McCain aims for crucial senior vote
Obama now leads in states with many older voters.
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“There’s no doubt he needs this plan, and he needs to start appealing to voters that, if we elect him, he’ll do more than just say, ‘Trust me,’” says Mr. Madonna.
The theme of the last presidential debate, to be held Wednesday night at Hofstra University on Long Island, is the economy – an opportunity for both candidates to emphasize their plans. In the last debate, McCain slipped in a major new proposal without much fanfare: a $300 billion plan for the government to buy troubled mortgages from homeowners. He repeated that plan in his speech on Tuesday, and laid out some other proposals, including a plan to reduce capital gains taxes for 2009 and 2010 and a plan to suspend the tax on unemployment insurance benefits in 2008 and 2009.
The Republicans have not completely given up on trying to take down Obama by emphasizing his past associations with people like William Ayers – a onetime radical who McCain running mate Sarah Palin calls a “domestic terrorist” – and Tony Rezko, a now-convicted felon with whom Obama once made a land deal in connection with the purchase of his Chicago home. The Republican National Committee, in an effort to help the underfunded McCain campaign, has just invested $5 million in two ads, one of which highlights Obama’s connections with Mr. Ayers and Mr. Rezko (and also William Daley, who it calls part of the “Chicago Machine”).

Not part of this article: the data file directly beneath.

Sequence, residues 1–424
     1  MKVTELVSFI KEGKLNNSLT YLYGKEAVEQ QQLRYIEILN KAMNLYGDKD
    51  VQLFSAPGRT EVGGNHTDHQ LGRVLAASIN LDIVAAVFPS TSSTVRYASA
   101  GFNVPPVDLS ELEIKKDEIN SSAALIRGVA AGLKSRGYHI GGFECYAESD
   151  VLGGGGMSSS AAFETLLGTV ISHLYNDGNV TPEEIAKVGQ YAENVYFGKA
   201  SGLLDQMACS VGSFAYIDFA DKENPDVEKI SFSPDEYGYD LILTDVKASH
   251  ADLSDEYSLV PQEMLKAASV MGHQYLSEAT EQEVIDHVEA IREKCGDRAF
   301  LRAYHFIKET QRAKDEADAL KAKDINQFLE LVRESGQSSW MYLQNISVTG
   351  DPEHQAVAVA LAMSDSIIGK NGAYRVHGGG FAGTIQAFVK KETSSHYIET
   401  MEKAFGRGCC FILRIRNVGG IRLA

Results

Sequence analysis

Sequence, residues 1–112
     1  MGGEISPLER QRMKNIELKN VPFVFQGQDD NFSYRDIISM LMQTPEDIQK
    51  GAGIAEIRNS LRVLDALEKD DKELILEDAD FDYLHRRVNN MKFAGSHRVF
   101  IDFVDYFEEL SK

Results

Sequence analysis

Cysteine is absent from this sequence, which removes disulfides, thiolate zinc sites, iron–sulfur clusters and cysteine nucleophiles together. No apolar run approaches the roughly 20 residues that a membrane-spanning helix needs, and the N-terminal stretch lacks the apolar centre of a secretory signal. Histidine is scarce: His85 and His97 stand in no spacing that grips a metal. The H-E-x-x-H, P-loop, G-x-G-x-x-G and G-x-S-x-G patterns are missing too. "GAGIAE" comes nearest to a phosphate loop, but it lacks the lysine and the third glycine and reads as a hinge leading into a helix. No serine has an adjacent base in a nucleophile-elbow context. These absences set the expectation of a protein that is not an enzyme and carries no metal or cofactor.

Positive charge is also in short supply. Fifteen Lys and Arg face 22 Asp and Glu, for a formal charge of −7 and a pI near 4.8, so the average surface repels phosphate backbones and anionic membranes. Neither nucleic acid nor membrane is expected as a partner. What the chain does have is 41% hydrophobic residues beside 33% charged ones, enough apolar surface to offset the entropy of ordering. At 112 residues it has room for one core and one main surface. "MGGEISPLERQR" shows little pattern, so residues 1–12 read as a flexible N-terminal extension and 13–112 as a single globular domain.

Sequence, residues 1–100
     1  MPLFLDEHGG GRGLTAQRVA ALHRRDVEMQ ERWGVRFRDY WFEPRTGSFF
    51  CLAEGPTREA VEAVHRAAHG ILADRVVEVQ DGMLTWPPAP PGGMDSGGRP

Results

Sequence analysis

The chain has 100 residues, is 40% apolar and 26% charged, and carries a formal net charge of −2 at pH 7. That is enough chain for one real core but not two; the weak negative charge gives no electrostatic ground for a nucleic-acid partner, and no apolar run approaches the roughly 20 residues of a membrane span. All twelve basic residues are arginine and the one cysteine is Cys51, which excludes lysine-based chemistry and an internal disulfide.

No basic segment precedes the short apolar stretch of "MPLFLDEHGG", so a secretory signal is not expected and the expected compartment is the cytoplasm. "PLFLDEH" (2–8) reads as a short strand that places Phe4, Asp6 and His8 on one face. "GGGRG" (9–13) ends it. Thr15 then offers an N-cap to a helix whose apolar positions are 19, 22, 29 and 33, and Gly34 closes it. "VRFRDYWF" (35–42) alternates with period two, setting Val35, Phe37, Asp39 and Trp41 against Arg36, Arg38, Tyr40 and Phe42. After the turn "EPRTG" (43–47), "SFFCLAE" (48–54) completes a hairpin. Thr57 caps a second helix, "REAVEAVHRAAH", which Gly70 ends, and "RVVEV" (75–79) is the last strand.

Last week, the agitation of crowds at McCain and Palin rallies had reached the point where voices were heard calling for violence against Obama. By Friday, McCain opted for the high road, telling a crowd in Lakeville, Minn., that Obama is “a decent person and a person that you do not have to be scared of as president of the United States.” The statement was met with boos.
Wednesday’s debate represents McCain’s last chance to reach a wide swath of the American electorate. If the first two debates are any guide, chances are slim that McCain can change the trajectory of the race in his last faceoff against Obama. Perhaps the best he can do is match his rival in projecting a sense of calm, in light of the turmoil in the American economy. Polls have shown voters believe Obama won the first two debates.